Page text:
Nicotine: catch them young

Published: Monday 15 March 1999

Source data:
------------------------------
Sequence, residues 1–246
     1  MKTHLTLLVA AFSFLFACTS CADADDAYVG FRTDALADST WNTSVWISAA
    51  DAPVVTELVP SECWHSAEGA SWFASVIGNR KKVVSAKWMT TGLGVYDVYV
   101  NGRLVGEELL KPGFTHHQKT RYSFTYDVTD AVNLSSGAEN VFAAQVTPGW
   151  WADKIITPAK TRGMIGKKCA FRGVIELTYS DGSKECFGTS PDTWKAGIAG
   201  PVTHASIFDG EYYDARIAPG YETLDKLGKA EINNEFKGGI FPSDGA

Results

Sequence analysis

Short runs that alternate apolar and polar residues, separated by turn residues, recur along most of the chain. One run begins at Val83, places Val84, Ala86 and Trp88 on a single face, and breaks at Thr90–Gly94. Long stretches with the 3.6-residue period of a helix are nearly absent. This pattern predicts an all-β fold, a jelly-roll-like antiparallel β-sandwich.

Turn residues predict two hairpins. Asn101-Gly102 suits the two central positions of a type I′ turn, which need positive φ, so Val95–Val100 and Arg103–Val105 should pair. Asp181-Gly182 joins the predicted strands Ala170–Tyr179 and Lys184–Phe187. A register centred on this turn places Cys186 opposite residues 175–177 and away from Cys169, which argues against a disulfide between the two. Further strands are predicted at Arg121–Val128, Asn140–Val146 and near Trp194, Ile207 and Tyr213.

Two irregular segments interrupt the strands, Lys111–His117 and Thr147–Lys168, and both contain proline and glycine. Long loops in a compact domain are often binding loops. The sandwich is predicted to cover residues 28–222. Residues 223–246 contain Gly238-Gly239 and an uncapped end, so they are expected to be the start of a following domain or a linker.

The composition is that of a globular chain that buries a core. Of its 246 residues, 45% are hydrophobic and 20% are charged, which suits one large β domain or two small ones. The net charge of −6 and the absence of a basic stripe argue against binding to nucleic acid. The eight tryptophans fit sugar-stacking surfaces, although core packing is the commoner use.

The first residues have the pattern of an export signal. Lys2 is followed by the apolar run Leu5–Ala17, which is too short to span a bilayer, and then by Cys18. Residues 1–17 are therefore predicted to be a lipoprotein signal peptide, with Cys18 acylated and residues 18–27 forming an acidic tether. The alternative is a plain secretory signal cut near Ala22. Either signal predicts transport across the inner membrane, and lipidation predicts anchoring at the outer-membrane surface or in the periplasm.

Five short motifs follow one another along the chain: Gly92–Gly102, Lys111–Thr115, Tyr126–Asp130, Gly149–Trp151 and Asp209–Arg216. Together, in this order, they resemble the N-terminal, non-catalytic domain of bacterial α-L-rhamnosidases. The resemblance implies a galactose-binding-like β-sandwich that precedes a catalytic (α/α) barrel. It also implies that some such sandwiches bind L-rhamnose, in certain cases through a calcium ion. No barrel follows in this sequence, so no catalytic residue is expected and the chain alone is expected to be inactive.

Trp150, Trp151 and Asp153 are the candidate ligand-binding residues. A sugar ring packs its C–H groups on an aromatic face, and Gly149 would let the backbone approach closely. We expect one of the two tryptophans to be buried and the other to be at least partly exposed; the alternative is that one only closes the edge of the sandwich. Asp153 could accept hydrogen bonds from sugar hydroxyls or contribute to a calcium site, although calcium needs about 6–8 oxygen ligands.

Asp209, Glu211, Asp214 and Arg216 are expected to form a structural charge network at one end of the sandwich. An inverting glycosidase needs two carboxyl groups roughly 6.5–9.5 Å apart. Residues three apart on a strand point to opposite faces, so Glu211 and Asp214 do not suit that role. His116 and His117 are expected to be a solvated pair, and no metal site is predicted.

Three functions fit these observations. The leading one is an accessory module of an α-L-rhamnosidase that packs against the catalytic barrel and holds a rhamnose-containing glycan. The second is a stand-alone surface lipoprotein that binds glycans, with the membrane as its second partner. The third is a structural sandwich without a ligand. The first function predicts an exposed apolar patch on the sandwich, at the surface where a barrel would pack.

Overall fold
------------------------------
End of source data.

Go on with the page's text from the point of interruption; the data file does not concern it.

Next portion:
Doctors know that children whose mothers smoke have a higher risk of smoking during their adolescence, but they are yet to find out why. However, a recent study says it probably involves the learning of flavours. A variety of flavours are transmitted from the mother's diet to the baby through breast milk, say Julie A Mennella and Gary K Beauchamp from the Monell Chemical Senses Centre in Philadelphia, USA. They tested if smoking alters the odour and flavour of human milk. Several smoking mothers, who were lactating, were studied. The scientists collected their breast milk samples after they stopped smoking for 12 hours. Then, these women were allowed to smoke two cigarettes in some 20 minutes. The researchers collected breast milk samples four hours at 30-minute intervals. These were evaluated by a sensory panel of seven adults who evaluated the odour besides an analysis by gas chromatography for nicotine content. Both the panel and the chromatographic data showed distinct nicotine content within 30 minutes to one hour of smoking. This study offers a very strong evidence of why children of smoking mothers tend to be smokers -- they find the flavours appealing. After all, they not only get exposed to nicotine influence while inside the mother's womb but also get additional doses through breast milk ( New England Journal of Medicine , Vol 339, No 21).

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